From: The West.com.au - 29/07/2008
Murdoch University is studying how to convert algae into biofuel, a cheaper and cleaner option than traditional fossil fuels.
Biofuels such as ethanol have been hailed as a possible replacement for petrol or diesel because they are renewable and emit less carbon.
But the growing demand for biofuels has been blamed for forcing up food costs because they are made from crops such as corn, canola or sugar cane. A World Bank report this month found a third of US corn was sold for processing into biofuel because it was more profitable for farmers.
The green slime that settles on waterways and turns stomachs is a more promising option because it does not compete with food output, grows in salty water and yields up to 20 times more oil than other crops, says Murdoch professor Michael Borowitzka.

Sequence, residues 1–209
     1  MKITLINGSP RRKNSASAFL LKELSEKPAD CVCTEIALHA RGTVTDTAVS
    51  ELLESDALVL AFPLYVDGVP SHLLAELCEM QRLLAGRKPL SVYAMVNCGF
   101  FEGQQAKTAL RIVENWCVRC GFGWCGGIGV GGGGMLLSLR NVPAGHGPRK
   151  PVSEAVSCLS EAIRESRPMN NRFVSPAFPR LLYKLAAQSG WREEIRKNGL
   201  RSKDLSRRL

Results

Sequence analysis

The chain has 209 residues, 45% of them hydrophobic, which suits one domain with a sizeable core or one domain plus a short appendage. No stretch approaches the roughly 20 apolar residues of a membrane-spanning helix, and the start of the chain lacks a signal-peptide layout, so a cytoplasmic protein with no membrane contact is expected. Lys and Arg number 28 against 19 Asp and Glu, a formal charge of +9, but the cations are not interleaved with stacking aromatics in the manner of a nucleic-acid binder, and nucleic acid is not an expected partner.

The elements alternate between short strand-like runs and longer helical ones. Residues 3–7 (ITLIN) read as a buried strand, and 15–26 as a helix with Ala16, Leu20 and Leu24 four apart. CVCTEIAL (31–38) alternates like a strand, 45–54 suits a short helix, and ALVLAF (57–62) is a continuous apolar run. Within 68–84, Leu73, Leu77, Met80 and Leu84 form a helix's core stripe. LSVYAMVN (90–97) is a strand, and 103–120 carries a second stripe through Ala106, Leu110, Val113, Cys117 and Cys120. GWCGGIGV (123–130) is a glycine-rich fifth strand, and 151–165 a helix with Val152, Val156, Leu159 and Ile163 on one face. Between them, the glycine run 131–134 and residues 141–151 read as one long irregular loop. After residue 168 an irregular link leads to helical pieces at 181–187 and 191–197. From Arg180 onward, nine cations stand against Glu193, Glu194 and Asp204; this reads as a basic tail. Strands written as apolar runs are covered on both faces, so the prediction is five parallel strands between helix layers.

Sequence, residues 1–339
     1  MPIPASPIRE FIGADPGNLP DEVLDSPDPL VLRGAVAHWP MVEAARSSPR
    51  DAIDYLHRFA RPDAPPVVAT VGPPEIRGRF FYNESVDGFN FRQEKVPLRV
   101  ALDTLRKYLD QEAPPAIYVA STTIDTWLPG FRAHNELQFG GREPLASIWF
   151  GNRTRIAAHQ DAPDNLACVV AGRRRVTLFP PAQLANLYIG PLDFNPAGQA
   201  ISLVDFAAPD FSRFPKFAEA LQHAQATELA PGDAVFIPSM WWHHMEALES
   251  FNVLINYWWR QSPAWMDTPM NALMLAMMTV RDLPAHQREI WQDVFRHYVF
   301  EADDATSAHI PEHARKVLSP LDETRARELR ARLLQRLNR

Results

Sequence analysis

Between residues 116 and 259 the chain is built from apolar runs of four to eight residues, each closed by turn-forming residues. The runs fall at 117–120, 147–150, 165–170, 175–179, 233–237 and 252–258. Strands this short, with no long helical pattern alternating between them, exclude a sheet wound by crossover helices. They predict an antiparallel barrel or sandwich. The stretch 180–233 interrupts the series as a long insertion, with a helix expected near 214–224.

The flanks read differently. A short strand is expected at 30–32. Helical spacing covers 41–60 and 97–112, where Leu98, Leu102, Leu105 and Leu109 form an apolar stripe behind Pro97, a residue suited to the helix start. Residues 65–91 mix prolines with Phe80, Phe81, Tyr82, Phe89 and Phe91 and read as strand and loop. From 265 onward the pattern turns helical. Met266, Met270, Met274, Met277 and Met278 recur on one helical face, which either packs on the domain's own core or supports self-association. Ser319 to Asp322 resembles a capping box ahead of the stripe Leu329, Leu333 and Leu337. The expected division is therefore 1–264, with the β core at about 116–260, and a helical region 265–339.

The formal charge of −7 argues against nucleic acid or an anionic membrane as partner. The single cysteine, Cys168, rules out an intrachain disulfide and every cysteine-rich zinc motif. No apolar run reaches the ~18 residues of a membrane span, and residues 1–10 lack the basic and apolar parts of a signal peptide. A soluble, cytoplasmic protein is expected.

Once the oil has been extracted, the discarded algae can be used for animal feed or made into methane to burn for energy. The project’s 20 scientists will grow algae in massive saline ponds and distil it into fuel at sites in WA, India and China, using a $2 million Federal grant.
“WA is ideally placed for largescale algae biofuel production, given its sunlight, easily accessible saline water and non-arable land,” Professor Borowitzka said.
“For Australia to produce one per cent of biodiesel from algae, you’d need a 100sq km plant — which is small compared with up to 2000sq km for the same amount to be produced from canola.”